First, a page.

When you think of high blood pressure, do you recall the cartoons where someone gets redder and redder, then eventually explodes? In reality, high blood pressure (also called hypertension) is often called “the silent killer.” Despite presenting you with no symptoms, hypertension can lead to a heart attack, stroke or other life-threatening problem.
Your blood pressure often rises as you grow older. This post will tell you what you need to know about blood pressure at midlife.
High blood pressure is common
According to the Centers for Disease Control (CDC), 1 in 3 US adults has high blood pressure. Another third has pre-hypertension, meaning elevated blood pressure that is not yet in the high blood pressure range.
Only about half (54%) of people with high blood pressure have it under control. High blood pressure is a primary or contributing cause to over 1100 deaths per day in the US.
One in five people with high blood pressure even doesn’t know they have it. Hypertension gives you no warning signs like fatigue, shortness of breath, and so on.
Here’s another warning about blood pressure at midlife. At age 45, more men than women have hypertension. By age 65 the situation reverses, and more women than men have high blood pressure.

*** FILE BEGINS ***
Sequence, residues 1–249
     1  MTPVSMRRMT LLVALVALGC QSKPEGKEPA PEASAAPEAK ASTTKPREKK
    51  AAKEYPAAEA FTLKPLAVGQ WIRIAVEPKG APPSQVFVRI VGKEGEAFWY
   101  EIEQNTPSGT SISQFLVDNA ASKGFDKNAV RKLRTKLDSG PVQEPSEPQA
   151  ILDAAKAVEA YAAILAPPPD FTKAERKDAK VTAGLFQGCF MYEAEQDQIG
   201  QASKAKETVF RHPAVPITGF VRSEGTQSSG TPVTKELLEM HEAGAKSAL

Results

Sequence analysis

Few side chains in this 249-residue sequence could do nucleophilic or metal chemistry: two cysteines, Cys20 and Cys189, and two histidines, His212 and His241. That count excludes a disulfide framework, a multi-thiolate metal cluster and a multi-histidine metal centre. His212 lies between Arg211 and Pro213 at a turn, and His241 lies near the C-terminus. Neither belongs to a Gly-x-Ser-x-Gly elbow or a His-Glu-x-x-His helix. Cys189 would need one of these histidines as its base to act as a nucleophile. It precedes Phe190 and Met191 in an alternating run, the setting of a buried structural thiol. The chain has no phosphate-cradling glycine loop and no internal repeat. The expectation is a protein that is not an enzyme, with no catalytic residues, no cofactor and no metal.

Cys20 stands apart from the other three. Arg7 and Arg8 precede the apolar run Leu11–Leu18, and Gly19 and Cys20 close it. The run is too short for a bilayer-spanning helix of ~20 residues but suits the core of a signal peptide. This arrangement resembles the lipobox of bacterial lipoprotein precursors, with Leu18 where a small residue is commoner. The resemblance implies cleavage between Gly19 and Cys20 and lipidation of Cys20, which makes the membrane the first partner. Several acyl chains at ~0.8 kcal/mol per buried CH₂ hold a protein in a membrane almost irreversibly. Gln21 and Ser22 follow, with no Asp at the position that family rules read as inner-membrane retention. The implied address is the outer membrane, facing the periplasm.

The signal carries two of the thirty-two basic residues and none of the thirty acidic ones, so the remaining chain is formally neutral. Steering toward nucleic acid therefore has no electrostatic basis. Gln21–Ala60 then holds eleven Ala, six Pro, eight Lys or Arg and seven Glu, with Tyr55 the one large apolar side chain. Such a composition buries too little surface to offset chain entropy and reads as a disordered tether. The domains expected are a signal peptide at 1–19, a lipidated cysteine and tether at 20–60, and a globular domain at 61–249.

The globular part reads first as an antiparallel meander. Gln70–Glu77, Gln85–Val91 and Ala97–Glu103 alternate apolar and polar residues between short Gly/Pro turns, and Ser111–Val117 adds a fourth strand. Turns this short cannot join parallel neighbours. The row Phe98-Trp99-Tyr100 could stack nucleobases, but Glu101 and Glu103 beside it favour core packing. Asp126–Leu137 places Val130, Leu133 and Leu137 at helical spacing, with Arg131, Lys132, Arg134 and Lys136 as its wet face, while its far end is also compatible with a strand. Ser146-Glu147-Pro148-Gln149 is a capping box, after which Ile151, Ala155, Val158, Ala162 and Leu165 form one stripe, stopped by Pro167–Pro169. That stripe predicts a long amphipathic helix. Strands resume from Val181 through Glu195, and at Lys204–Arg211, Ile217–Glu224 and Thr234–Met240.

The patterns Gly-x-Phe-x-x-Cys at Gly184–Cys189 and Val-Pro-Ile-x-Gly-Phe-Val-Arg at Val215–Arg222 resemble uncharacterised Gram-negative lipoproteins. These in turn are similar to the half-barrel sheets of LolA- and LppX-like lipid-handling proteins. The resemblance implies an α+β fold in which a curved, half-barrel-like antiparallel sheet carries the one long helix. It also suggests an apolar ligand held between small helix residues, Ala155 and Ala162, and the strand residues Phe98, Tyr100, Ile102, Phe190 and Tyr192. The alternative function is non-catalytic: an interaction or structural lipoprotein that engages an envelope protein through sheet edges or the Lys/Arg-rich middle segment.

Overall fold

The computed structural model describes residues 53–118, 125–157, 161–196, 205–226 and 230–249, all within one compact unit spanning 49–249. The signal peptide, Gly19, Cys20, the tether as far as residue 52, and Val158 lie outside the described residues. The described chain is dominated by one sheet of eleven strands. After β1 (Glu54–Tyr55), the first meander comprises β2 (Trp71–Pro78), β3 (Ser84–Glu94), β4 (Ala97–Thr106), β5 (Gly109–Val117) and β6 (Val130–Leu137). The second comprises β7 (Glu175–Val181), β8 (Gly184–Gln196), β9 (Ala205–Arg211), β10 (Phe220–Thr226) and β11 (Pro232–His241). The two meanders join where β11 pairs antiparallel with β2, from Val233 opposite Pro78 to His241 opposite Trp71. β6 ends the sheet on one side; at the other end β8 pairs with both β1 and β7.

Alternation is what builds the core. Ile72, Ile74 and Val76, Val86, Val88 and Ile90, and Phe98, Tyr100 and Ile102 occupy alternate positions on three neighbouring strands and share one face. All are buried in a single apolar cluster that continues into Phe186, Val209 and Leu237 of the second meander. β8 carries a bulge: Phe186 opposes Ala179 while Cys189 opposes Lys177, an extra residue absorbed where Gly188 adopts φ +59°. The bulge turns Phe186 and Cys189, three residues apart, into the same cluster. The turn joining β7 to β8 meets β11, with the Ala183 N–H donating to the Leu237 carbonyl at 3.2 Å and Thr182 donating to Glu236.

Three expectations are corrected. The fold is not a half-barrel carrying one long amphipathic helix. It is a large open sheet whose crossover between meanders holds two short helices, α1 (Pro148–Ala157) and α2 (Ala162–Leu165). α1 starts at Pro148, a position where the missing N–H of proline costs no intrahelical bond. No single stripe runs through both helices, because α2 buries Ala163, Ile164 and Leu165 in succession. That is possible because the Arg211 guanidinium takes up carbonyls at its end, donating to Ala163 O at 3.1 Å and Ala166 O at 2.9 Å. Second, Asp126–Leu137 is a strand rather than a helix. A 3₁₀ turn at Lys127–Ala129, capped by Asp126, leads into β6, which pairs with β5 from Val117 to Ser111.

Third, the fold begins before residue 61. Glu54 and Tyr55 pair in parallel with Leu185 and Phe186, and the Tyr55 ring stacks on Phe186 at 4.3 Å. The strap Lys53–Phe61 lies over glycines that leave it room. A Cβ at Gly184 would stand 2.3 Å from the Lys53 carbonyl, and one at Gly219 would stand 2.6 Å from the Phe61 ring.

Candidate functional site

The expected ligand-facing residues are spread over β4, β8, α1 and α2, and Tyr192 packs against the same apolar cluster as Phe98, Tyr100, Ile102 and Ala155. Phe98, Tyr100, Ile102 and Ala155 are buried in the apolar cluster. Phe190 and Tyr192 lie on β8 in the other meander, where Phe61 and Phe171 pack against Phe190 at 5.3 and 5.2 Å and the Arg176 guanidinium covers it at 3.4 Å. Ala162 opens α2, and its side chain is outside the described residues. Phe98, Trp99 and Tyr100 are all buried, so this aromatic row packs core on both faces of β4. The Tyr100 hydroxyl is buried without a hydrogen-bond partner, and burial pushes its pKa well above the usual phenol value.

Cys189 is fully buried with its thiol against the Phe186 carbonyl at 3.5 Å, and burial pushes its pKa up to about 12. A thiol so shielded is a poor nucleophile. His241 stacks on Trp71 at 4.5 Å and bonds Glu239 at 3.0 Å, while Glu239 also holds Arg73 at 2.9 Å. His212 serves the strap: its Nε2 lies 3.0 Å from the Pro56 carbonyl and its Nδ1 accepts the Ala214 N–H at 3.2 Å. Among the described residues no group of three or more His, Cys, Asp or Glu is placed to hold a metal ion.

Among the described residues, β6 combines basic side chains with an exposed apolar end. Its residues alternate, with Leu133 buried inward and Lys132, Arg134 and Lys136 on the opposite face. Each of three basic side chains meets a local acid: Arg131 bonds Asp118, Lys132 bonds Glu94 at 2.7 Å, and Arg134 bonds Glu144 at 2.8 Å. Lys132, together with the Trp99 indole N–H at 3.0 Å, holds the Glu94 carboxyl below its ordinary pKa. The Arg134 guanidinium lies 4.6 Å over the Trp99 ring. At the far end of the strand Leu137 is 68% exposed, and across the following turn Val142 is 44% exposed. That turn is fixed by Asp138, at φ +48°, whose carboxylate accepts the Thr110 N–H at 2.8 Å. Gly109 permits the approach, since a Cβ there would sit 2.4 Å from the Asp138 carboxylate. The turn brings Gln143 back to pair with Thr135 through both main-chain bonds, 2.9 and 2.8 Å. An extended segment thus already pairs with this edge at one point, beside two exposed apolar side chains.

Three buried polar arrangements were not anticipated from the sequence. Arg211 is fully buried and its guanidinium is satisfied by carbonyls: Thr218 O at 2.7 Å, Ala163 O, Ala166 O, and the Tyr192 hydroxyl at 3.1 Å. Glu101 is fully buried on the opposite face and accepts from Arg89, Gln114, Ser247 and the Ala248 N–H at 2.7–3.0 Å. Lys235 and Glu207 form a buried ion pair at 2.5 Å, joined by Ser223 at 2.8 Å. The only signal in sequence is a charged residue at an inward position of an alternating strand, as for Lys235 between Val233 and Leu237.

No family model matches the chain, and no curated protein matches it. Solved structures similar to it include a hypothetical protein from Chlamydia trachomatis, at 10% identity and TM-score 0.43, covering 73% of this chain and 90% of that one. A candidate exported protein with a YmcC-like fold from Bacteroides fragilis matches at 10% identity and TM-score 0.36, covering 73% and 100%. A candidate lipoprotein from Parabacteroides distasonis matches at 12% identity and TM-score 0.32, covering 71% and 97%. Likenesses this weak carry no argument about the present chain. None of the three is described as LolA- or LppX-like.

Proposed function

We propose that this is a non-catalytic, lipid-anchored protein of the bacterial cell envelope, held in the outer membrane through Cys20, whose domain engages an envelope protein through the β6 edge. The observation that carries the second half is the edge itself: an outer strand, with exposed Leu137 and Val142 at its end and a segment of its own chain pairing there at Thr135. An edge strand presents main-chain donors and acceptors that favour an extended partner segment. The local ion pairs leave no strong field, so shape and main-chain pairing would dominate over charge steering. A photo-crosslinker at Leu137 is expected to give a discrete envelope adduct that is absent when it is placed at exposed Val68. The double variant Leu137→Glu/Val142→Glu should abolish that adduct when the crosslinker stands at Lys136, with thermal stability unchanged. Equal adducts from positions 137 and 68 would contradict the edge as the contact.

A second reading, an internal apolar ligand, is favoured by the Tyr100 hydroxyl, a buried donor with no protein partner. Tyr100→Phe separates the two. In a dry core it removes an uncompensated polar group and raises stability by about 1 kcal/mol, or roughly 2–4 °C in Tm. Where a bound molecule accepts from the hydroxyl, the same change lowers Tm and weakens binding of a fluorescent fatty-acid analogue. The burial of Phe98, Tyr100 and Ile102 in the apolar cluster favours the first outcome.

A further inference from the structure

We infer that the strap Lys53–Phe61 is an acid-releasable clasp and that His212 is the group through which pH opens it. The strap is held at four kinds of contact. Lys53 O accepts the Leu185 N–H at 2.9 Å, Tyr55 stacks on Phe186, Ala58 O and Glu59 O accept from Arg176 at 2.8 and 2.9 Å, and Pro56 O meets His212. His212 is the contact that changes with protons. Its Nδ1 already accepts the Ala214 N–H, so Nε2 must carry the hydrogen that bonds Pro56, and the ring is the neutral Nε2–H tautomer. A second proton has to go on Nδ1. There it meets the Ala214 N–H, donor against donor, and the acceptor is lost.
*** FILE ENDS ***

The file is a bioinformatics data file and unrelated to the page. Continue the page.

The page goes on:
Diabetes, another common midlife health problem, puts you at higher risk for hypertension. About 60% of people with diabetes also have high blood pressure.
There’s a genetic component to hypertension as well. If you have a close family member with high blood pressure, you’re at higher risk for it yourself.
What do your blood pressure numbers mean?
Your blood pressure measurement has two parts. The first number is the systolic reading, or how much pressure your blood exerts against your artery walls as your heart beats. The second number, or diastolic reading, is the pressure your blood exerts against your artery walls while your heart rests between beats.
Blood pressure is measured in mm Hg, or millimeters of mercury. This started because the first accurate blood pressure gauges used mercury. It’s still the standard unit of blood pressure measurement in medicine today.
Don’t confuse your blood pressure with your pulse, another reading the nurse will record at the same time she takes your blood pressure. Pulse measures how many times your heart beats per minute.
What’s normal blood pressure?